1. Data also include amounts mobilised through existing open-ended schemes (sales less purchases). Data do not include amounts mobilised by off-shore funds.

2. All schemes of Bank of India Mutual Fund have been transferred to Principal Mutual Fund.

3. All schemes of PNB Mutual Fund have been transferred to Principal Mutual Fund.

4. All schemes of GIC Mutual Fund have been transferred to Canbank Mutual Fund.

5. All schemes of IDBI Mutual Fund have been transferred to Principal Mutual Fund.

6. Erstwhile Canbank Mutual Fund has been renamed as Canara Robeco Mutual Fund.

7. Erstwhile BOB Mutual Fund has been renamed as Baroda Pioneer Mutual Fund.

Table 78

1. Data also include amounts mobilised through existing open-ended schemes (sales less purchases). Data do not include amounts mobilised by off-shore funds.

2. For Unit Trust of India (UTI), data are gross values (with premium) of net sales under all domestic schemes.

3. Data in parentheses pertain to net sales at face value (excluding premium).

4. Data from 1970-71 to 1990-91 for UTI relate to July-June period.

5. UTI data for the year 1996-97 excludes re-investment sales.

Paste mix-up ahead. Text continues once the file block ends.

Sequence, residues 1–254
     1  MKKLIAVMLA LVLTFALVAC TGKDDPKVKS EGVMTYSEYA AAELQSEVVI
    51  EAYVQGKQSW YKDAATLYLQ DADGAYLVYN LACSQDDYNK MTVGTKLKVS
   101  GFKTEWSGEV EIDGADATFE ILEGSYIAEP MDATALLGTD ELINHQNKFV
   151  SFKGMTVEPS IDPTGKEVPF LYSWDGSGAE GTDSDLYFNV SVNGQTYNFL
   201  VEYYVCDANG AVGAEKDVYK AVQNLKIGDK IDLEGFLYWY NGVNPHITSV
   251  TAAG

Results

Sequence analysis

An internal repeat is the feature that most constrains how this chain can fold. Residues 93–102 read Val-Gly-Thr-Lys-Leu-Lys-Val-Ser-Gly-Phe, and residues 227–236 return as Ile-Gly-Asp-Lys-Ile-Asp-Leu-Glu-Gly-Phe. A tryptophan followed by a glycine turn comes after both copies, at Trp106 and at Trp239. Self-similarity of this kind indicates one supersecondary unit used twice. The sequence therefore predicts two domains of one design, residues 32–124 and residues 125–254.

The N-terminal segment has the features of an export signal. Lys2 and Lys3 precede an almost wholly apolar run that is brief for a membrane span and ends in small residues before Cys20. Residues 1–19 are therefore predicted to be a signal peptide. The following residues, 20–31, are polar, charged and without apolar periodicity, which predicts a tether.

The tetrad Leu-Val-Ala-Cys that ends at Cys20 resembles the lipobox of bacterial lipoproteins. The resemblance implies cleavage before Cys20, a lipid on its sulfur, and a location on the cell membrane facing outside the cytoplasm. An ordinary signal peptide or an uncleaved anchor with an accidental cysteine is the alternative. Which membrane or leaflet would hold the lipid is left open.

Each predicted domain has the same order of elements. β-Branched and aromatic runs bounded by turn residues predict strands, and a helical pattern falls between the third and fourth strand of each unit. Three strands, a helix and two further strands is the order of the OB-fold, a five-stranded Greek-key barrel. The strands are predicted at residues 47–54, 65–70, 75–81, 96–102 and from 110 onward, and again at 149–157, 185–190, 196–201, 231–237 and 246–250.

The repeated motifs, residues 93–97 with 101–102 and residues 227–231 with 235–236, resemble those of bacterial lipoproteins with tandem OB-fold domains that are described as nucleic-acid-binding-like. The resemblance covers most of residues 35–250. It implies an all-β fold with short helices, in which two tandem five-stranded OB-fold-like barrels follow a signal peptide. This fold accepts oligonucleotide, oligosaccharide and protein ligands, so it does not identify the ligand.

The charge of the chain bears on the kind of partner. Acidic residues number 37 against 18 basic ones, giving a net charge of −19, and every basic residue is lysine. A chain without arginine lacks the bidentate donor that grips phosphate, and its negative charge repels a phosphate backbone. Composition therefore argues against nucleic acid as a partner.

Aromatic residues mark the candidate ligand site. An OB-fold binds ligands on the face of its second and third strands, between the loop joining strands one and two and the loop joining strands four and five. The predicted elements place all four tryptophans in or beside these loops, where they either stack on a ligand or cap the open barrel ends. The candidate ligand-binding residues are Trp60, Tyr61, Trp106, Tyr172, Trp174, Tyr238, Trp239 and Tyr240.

6. Data pertaining to UTI Mutual Fund for the year 2003-04 refer to the period February 01, 2003 to March 31, 2004, being the first year in operation after the bifurcation of the erstwhile UTI into UTI Mutual Fund and Specified Undertaking of the Unit Trust of India.

7. Data for UTI from 2004-05 pertain to UTI Mutual Fund only.

Table 79

1. Data also include amounts mobilised through existing open-ended schemes (sales less purchases). Data do not include amounts mobilised by off-shore funds.

2. Pioneer ITI Mutual Fund was taken over by Templeton Asset Management (India) w.e.f. April 2002.

3. Kothari Pioneer was renamed as Pioneer ITI w.e.f. August 6, 2001.

4. HB Mutual Fund was merged with Taurus Mutual Fund w.e.f. February 25, 1999.

5. ITC Classic Threadneedle has migrated to Zurich India Mutual Fund w.e.f. December 15, 199

6. Zurich India Mutual Fund has migrated to HDFC Mutual Fund w.e.f. June 19, 2003.

7. First India Mutual Fund was renamed as Sahara Mutual Fund w.e.f. March 19, 2004.

8. ANZ Grindlays Mutual Fund was renamed as Standard Chartered Mutual Fund w.e.f. March 2001.

9. The schemes of Standard Chartered Mutual Fund have been transferred to IDFC Mutual Fund Company Private Limited with effect from May 31, 2008.

10. The IDBI Principal Mutual Fund was renamed as Principal Mutual Fund (Pvt.) Ltd. w.e.f. June 23, 2003. All schemes of the PNB Mutual Fund were taken over by Principal Mutual Fund w.e.f. April 30, 2005.